I’m often asked how I define data visualisation so here’s my description – see what you think: It’s the visual presentation of data, using graphs, charts, or other formats.
That’s really easy, to sum up – data visualisation enables:
The first example we have of statistical data visualisation is a 1644 diagram by cartographer Michael Van Langren’s showing estimates of the difference in longitude between the Spanish city of Toledo and Rome.
Fast forward to 2020 where data is widely used and considered inherent to a successful business, and data analytics and visualisation go hand-in-hand – we analyse data but to present our findings, the “actionable insights”, we need to communicate it in the way our brains want to process it.
The importance of data visualisation can’t be understated. They say visual aids can improve learning by up to 400% and that we can process visuals up to 60,000 times faster than we can process text, so when it comes to ensuring we get value from our data work, and that our management and marketing teams can make the appropriate decisions, we need to ensure it’s as easy as possible for them to see the insights we’re producing for them.
Choosing the right chart for your particular message is important. Different views do a better job than others at presenting the information. Graphs and charts should be used to show the information about data relationships, patterns or how things are changing over time. Tables should be used when you must show precise value, and numeric data is best presented using dots, lines, or bars if you’re looking to present a quantitative message. Maps are used when a physical location is key to the information you’re presenting, and heat maps are used when different values within a map are shown using colours.
You might be asking when we use data visualisation – here are a few examples:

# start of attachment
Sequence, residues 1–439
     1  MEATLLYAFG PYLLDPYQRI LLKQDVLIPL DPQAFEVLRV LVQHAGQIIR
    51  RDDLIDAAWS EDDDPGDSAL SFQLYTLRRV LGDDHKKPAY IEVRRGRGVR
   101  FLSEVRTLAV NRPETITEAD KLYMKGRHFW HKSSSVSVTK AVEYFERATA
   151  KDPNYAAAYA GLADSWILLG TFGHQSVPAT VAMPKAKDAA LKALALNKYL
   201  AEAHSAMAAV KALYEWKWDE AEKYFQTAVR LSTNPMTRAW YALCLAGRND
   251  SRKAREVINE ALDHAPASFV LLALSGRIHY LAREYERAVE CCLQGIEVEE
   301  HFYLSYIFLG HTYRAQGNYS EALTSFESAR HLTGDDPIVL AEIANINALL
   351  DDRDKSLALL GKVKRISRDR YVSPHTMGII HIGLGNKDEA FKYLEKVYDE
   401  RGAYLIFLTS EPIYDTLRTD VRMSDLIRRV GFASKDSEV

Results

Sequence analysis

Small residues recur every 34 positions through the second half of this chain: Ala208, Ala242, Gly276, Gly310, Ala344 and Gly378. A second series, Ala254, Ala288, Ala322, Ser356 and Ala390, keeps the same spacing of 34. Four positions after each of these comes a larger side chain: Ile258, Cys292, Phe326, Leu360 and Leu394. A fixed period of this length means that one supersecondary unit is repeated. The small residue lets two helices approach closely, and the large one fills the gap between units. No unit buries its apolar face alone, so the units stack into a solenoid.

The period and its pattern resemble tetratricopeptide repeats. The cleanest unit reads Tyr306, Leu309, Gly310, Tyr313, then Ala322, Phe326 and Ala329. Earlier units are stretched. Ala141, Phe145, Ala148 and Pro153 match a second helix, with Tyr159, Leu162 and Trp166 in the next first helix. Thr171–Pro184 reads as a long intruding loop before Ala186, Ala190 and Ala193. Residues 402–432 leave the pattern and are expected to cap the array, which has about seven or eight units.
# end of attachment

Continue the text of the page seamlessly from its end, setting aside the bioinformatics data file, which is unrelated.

1) Population mapping which is exactly as it sounds – it’s about putting your database on a map, providing a visual image of where your fans and your customers are, either around the world or within your country, or even around your stadium.
2) Another great example of visualisation is when we use trend lines and in this example, below, we’re showing you what we call a ticketing trend line. What we’re showing you here is the pace at which tickets are purchased, starting at the left from the minute tickets go on sale, right up to the day of the event and you can see that red line shows peaks and troughs in ticket sales.
3) This next one looks at customer churn and retention with churn represented with the black line as the people that are no longer in your environment, no longer renewing their season tickets, no longer registering to participate, no longer buying casual tickets, etc. And you can see the retention in gold and it’s those customers that you’re managing to retain, that are staying with you, buying from one match to another, participating one year to the next, or buying a season ticket from one season to another.
The most important point about data visualisation is knowing which questions needs to be asked and then identifying the answers that are going to make the difference. As with everything we talk about when using data, it comes down to six words – what are you trying to achieve?
You can learn more about the practical use of data visualisation in our eLearning course Winning with Data. Find out more. If you want to understand specific chart types and their uses, you can proceed here.
You can also read about related topics, a Single Customer View and Data-Driven Marketing, in our blog.